between the 3 point (normal) position and the 2 point (jumping) position. It is also helpful to practice sliding your hands up and back along the crest of your horse’s neck while maintaining your balance (hands operating independently). Using the crest of the horse’s neck and grabbing the mane is very important so that you don’t balance on the horse’s face and so that you can stay off his back. You want to be able to push your knuckles into your horse’s neck (which is the beginning of learning how to release and follow over the top of a jump) so that your horse has the freedom to use his head, neck and body and you do not interfere by holding onto his face. If you practice sliding your hands forward, grabbing some mane and then pushing your knuckles into your horse’s neck versus grabbing the mane and pulling backward, you will be better able to stay with your horse.
Riding To The Jump
After you have practiced the jumping position at all gaits and transitions, you can progress to going over a single pole on the ground. Your approach to a jump is critical to your success at the jump. Ride a nice corner, look ahead where you are going (destination), direct your horse in a straight line and before you get to the pole, get in your jumping position, slide your hands forward up the crest and grab some mane.
As you go over the pole, practice staying with your horse and pressing your knuckles into your horse’s neck (as you are grabbing the mane). You should also be steering, as needed, so that your horse goes straight and maintains his forward motion. Practice first at the walk, then the trot and/or canter.
You can practice gaining confidence in this position and helping your horse understand that he needs to maintain his rhythm, stay quiet and relaxed and that you will guide him through the best corner to ride the line and then continue over the pole and ride the line to the end of the arena or area to finish your line. It is important to present the obstacle to the horse on a straight line and leave the obstacle on a straight line so that the horse can plan and balance himself. As you become more comfortable approaching the pole, you can build the single pole to a pile of poles (3 poles stacked) and ride the corner to the line again with straightness, rhythm, relaxation and impulsion, getting into your jumping position before the pile of poles and grabbing mane and staying up there until you land from the poles. See Photo 7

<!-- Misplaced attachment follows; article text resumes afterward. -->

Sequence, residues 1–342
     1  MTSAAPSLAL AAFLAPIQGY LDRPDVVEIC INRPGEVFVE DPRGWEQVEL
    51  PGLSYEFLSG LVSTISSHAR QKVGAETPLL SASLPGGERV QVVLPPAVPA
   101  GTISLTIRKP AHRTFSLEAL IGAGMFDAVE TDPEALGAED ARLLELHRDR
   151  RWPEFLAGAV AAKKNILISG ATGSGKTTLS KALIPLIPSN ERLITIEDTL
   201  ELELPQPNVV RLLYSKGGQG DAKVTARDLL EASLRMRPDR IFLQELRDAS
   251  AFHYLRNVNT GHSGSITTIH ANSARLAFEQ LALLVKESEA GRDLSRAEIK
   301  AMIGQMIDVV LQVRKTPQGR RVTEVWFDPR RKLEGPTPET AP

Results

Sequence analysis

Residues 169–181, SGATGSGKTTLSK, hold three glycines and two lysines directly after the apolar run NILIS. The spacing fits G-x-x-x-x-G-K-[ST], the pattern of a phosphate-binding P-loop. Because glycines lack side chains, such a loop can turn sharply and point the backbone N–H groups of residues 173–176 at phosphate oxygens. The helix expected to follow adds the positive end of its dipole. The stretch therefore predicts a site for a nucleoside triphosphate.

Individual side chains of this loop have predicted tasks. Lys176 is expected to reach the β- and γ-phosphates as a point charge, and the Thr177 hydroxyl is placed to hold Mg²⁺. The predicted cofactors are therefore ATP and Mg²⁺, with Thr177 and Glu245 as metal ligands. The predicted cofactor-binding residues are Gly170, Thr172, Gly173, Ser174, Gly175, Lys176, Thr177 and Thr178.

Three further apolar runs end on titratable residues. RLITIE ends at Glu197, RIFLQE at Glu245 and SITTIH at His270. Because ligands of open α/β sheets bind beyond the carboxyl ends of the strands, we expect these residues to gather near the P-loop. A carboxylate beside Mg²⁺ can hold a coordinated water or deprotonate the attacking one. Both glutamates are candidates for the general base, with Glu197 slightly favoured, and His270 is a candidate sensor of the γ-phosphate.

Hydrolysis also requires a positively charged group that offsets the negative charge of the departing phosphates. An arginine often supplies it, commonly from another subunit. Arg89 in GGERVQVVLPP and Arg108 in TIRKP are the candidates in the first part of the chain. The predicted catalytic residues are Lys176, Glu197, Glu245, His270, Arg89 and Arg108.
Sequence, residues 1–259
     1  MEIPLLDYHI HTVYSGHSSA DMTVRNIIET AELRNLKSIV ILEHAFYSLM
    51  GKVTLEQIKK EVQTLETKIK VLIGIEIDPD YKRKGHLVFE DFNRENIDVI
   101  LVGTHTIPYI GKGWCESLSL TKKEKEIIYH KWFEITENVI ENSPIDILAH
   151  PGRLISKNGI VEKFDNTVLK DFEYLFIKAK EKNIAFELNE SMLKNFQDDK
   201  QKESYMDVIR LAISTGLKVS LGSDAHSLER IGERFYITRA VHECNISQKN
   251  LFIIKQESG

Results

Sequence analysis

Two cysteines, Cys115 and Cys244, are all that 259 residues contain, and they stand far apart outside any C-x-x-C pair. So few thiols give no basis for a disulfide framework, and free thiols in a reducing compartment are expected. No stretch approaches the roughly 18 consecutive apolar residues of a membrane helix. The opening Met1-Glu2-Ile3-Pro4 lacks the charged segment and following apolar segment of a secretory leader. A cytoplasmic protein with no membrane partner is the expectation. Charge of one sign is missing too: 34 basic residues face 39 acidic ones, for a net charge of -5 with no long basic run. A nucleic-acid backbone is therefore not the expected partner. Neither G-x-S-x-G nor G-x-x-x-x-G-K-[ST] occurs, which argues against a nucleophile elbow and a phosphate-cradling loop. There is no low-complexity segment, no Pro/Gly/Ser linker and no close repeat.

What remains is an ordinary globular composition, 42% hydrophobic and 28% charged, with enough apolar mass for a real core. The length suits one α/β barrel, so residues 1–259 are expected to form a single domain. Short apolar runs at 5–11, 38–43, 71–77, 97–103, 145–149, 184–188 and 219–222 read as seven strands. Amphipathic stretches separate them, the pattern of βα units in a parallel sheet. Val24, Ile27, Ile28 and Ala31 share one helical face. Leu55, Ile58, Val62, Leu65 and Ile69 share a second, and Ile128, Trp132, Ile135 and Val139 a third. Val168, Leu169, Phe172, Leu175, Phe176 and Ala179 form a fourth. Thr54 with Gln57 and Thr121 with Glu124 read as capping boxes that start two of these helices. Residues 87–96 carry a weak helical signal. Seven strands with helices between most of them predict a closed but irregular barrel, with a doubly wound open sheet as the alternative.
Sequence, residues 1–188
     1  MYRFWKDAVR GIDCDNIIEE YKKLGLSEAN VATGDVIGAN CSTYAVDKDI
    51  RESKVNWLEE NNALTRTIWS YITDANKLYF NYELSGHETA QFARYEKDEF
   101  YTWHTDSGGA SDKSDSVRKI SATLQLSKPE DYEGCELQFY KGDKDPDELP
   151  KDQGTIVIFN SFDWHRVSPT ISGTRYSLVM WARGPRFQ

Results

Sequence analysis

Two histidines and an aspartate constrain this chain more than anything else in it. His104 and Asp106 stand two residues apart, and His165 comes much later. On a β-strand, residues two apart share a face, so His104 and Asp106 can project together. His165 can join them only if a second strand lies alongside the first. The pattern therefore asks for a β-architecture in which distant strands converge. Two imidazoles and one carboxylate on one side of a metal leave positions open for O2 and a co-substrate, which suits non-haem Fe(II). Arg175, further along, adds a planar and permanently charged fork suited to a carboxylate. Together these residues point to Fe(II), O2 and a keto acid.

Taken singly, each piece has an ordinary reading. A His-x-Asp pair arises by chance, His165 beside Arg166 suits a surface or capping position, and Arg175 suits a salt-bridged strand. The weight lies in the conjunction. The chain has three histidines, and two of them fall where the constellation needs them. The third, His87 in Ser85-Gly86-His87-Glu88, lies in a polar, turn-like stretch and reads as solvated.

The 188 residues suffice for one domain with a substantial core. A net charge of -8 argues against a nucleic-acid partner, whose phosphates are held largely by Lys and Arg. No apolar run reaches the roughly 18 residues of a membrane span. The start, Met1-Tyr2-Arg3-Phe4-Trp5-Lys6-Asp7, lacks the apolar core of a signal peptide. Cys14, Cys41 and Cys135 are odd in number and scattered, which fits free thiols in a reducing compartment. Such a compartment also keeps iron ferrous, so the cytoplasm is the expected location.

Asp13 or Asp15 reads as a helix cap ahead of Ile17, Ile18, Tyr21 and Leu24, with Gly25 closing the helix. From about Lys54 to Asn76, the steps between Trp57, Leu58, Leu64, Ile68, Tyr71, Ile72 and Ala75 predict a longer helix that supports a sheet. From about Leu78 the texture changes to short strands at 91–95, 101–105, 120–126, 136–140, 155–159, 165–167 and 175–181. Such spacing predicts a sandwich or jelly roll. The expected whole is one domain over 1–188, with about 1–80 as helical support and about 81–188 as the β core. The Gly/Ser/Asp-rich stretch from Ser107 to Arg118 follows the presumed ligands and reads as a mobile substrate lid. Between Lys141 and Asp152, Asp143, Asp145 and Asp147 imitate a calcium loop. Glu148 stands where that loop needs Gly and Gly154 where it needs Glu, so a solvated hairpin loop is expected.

It is just fine if your horse trots right over the pole or pile of poles (and does not put in a jumping effort). You can also set up 4 or 5 cavaletti (single poles on the ground about 4’ apart for trotting poles) and work over those to maintain your horse’s rhythm and to stay with your horse as he picks up his feet over the poles. See Photo 8
Time To Jump!
With the help of an instructor, you can then progress to a cross rail jump (a jump with 2 poles between 2 standards that looks like an X). Your instructor might have you go over the trotting poles first with a set distance between the last pole and the cross rail jump. As you approach the jump at the trot, maintain all the basics that you have been working on (rhythm, relaxation, straightness, impulsion, stability and balance in your jumping position, grabbing the mane, looking ahead at your destination etc). A few strides before the jump, increase your leg pressure to keep your horse’s impulsion and energy up over the jump and try to land in the canter, then canter away. If you do this while maintaining a straight line it will encourage his jumping effort. You will be working on maintaining your position over the top of the jump to stay with your horse. You do not want to be left behind, nor do you want to get ahead and anticipate the jump. Excess movement on your part will affect your horse’s balance and interfere with his quiet approach. You only need to slightly close your hip angle and stay tall. You should not throw your upper body at his neck, but let his jumping effort close the angle appropriately. On landing from the jump, it is important to maintain your tall upper body position, eyes forward, hands balancing on the horse’s neck and to use your joints (elbows, hips, knees, ankles) as shock absorbers. See Photos 9, 10, 11
Lisa is demonstrating a perfectly balanced position as she lands. Note that her eyes are forward, her upper body is tall, her hands are still grabbing the mane to not interfere with her horse’s head as he jumps and lands from the jump, her leg is maintaining a secure foundation underneath her and that she is following her horse (not ahead or behind) and allowing him to happily canter on to whatever is next.
If you do not have poles and jump standards, you can build something with poles and blocks and/or use a small log to jump over. The jump should be safe and inviting for the horse. The jump will ultimately need to be interesting enough for your horse to jump over it.
If your horse knocks it down, it is no big deal, have your helper set it again so that you can keep your momentum. Repeat this sequence until both you and your horse are confident and comfortable. Know when to stop the exercise and reward your horse’s positive attitude. I encourage you to stay at the trot on your approach to jumps as it will help give your horse enough time to focus and figure out his timing and where to put his feet.
With the help of an instructor, you can also build a gymnastic or a progressive combination of jumps with the striding pre-set for your horse. This exercise will help him figure out his striding and ultimately take off from the canter. The gymnastic will also help you find the rhythm, timing and feel of the jumps.
When teaching your horse anything new, you are looking for the try. Make sure that you reward his try and don’t overexpose your horse. You ultimately want a horse with heart – a horse that wants to do his job and that will fill in for you when needed. Start small and have fun! The Working Equitation Jump is fun and adds excitement for both horse and rider!!